- I really enjoy them. I adapted Skellig for the stage myself. With each year, I’m more engaged with theatre projects. I love working with directors, actors, musicians, and set designers. I also really enjoy watching how a book changes when it comes to the stage. This year I made a stage adaptation for one of my books and I made significant changes. I added new characters and scenes. It happens with books. It seems sort of sacred, that you can’t change anything. But it changes every time someone reads it. It’s born a new in each reader’s mind. So a stage adaptation is just one more interpretation, one more version among a great many others.
I work with theatres and write plays. I work with musicians and all kinds of creative people. I think I learned all this from young people. They combine different forms of art, turn one thing into another.
I’m currently writing a novel, as well as a play which I hope will be produced next summer. I’m also working with a folk musician English musician Kathryn Tickell. and we will soon go on tour. There’s no shortage of projects.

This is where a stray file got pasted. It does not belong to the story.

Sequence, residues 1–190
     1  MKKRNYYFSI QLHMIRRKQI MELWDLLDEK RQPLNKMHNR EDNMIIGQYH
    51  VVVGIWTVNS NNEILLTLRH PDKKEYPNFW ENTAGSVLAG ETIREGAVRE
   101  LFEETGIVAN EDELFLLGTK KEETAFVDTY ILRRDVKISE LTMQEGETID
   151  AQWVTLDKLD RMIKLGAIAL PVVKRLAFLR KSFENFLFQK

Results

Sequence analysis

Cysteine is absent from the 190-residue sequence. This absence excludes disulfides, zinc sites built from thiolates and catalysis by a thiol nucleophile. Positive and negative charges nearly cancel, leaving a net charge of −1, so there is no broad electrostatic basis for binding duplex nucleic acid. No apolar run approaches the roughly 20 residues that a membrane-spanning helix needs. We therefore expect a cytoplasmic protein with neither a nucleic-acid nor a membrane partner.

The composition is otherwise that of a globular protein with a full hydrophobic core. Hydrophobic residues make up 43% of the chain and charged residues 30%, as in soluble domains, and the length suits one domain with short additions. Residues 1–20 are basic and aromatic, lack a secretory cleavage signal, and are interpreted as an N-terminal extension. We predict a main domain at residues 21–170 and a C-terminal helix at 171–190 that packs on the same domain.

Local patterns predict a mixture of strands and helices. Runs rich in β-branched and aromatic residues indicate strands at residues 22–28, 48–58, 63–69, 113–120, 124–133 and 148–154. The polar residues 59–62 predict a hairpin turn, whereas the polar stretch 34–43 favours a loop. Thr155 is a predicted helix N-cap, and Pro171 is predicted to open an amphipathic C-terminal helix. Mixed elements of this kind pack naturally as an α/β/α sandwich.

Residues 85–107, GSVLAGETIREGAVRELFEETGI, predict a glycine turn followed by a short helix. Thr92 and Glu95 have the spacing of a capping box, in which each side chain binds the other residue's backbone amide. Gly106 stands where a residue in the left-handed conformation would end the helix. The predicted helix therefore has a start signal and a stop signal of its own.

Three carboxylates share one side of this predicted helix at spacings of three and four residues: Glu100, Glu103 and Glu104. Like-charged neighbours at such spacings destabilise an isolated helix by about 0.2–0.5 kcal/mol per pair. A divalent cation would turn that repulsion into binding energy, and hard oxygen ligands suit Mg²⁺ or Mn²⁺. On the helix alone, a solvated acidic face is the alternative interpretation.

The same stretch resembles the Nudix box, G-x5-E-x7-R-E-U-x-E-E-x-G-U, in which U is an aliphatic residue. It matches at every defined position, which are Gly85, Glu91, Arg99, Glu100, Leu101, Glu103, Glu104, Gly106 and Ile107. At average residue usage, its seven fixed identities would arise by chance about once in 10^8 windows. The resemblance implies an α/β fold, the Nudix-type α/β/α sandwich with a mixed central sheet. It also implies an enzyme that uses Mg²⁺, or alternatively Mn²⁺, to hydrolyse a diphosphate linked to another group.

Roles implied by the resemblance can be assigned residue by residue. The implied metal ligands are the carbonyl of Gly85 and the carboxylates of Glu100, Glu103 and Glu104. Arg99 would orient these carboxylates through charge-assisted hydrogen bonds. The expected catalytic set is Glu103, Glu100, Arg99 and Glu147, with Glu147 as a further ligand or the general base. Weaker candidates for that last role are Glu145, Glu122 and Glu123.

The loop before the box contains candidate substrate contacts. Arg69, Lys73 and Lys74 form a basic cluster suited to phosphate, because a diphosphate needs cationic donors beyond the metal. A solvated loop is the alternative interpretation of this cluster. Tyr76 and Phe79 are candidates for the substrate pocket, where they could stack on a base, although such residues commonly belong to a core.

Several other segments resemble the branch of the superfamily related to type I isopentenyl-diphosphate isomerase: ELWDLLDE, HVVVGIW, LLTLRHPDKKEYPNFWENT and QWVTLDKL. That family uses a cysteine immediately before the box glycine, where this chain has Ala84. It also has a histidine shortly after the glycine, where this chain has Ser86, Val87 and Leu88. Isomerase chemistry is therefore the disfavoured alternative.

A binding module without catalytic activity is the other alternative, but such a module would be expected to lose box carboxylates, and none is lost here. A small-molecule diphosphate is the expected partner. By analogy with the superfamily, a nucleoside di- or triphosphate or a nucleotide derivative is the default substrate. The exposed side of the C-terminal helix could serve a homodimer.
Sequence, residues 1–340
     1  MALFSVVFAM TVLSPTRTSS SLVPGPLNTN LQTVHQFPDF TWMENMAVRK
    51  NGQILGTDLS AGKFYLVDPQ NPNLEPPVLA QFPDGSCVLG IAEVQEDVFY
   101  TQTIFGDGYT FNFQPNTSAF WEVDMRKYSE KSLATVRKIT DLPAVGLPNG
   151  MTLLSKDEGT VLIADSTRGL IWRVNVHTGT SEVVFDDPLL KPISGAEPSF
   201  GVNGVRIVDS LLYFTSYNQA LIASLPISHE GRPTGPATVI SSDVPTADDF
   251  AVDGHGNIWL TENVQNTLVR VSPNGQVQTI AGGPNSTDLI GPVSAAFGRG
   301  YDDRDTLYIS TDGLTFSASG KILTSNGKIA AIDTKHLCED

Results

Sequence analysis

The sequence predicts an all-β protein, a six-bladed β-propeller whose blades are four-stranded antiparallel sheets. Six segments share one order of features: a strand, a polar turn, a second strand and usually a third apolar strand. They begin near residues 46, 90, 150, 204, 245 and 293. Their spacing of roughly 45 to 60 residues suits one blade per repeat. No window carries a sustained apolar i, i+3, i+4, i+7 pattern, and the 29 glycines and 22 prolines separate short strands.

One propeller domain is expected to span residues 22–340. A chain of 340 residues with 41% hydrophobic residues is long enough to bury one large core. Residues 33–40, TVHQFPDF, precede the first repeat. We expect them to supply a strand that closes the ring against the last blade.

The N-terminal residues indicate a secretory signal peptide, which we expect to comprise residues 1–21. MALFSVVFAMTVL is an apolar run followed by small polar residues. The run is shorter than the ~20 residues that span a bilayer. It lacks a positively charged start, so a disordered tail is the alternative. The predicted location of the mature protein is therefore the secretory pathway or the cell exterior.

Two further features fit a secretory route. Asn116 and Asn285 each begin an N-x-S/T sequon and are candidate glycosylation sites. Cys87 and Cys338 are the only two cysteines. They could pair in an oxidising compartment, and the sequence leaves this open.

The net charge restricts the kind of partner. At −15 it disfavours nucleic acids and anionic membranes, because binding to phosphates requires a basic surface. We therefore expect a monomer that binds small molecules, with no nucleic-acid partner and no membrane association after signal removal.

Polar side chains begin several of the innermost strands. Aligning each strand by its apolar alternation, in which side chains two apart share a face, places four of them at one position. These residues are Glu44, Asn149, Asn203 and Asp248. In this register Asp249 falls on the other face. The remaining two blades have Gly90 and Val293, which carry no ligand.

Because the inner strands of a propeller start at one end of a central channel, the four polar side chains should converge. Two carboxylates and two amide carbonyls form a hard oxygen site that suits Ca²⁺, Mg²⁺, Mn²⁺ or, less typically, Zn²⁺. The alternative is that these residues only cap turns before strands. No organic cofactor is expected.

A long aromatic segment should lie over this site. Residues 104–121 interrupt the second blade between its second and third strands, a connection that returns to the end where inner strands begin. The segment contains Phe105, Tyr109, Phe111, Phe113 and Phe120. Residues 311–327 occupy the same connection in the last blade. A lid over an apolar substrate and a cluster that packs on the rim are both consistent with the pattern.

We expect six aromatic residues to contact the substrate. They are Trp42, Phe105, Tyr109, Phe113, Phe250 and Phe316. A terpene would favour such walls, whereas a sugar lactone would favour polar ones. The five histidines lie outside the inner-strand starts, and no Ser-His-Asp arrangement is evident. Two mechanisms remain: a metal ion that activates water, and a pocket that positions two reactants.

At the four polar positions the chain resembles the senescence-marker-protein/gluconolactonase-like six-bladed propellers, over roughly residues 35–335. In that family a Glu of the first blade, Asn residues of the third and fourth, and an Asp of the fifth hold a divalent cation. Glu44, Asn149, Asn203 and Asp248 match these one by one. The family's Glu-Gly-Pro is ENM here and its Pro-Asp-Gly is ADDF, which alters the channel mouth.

- Is there something you’d like to ask your readers?
- I would really love to find out what they imagine in their heads when they read my books. What they see. I would love to know how they imagine Skellig, what he is for them. Because I don’t even know who he really is.
Interview by Darya Dotsuk
- David, let’s talk about your book My Name is Mina. You’ve spent a long time working with children who have learning disabilities. Mina is just such a child. Was that character inspired by your observations of students?
- I think Mina came out of many very different things. First, she appeared in Skellig entirely unexpectedly and took up a very important place. Many years later I decided to write about her and I heard her voice: “Hurray, I’m back!” Mina lived in me and told her story through me.
Of course, she has lots of thoughts on school and education. When I was a teacher, there was active discussion of whether we even needed schools and how well-suited they were to deal with various challenges, given the many alternative teaching models. Those dialogues are not very well received now. It’s accepted that the only way to get an education is to attend school.
- Do you agree with Mina that school is a cage?
- I’m not as categorical as Mina. There are very good schools, and teachers are one of the most important professions in our culture. But we should understand that you can learn differently—without tests and exams.